via Bruce Schneier: Sony Hackers ‘Completely Owned This Company’ | Motherboard.
Unless you know how infiltrators got into Sony’s system there is no way figuring out the who behind the hack. So far details of this has been lacking and as far as potential culprits targeting Sony, North Korea is probably least capable from an education standpoint and logistics. Social engineering, getting people inside Sony to cooperate is usually behind successful infiltrations. Sony’s Playstation network was taken down awhile ago. I suspect whoever did that probably is behind this despite what movie is about to be released soon.
Rather than go through the bureaucratic fight to move the attack logic into “system low” (and co-located on the wiretap), the NSA sought to work around it in the case of QUANTUMHAND. Instead of targeting just any web connection for exploitation, it targeted persistent “push” connections from Facebook, where a user’s browser would leave an idle connection open, waiting for a command from the server.
This way, even the slow, broken, classified architecture could exploit Facebook users. Sadly for NSA and GCHQ (and FSB, and DGSE, and every other spy agency), Facebook turned on encryption a few months ago, which should thwart this attack.
via A Close Look at the NSA’s Most Powerful Internet Attack Tool | Wired Opinion | Wired.com.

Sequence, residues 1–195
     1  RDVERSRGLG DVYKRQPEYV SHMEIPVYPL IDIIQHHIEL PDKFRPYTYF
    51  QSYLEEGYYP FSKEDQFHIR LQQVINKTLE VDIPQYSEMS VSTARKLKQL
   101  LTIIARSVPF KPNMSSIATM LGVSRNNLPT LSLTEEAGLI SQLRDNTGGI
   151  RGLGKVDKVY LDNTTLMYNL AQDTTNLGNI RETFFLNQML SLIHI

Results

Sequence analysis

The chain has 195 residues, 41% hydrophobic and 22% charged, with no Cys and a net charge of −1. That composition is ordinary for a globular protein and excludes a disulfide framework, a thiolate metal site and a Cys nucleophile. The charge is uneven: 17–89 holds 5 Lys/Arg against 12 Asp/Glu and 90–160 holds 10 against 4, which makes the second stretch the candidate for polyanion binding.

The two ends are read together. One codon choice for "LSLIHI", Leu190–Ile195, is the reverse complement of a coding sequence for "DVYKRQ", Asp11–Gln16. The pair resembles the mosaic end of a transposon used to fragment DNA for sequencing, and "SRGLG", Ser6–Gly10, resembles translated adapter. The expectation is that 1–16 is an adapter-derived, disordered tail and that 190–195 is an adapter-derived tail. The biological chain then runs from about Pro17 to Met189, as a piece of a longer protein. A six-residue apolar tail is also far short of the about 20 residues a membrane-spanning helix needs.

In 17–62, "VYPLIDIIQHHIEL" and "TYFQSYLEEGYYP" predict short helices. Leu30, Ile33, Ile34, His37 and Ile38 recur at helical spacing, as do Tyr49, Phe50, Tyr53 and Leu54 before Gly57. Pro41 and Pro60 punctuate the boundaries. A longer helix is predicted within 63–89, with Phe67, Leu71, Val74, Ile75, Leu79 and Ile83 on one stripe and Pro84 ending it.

The biggest limitation on QUANTUM is location: The attacker must be able to see a request which identifies the target. Since the same techniques can work on a Wi-Fi network, a $50 Raspberry Pi, located in a Foggy Bottom Starbucks, can provide any country, big and small, with a little window of QUANTUM exploitation. A foreign government can perform the QUANTUM attack NSA-style wherever your traffic passes through their country.
Singer added that another US official about to negotiate cybersecurity with China asked him to explain what “ISP” meant. “That’s like going to negotiate with the Soviets and not knowing what ‘ICBM’ means. And I’ve had similar experiences with officials from the UK, China and Abu Dhabi.
At the G20 conference diplomats were spearfished by an email with a link to nude photos of former French first lady Carla Bruni-Sarkozy, and many clicked – downloading spyware onto their computers.
via ‘What does ISP mean?’ – how government officials are flunking security challenges | Technology | theguardian.com.
I’ve been a longtime friend to one cyber warrior. On condition of anonymity, he agreed to be interviewed about what he does for a living and allowed me to record our conversation on a device he controlled, from which I transcribed our conversation. I was able to ask clarifying questions the next day.
via In his own words: Confessions of a cyber warrior | Security – InfoWorld.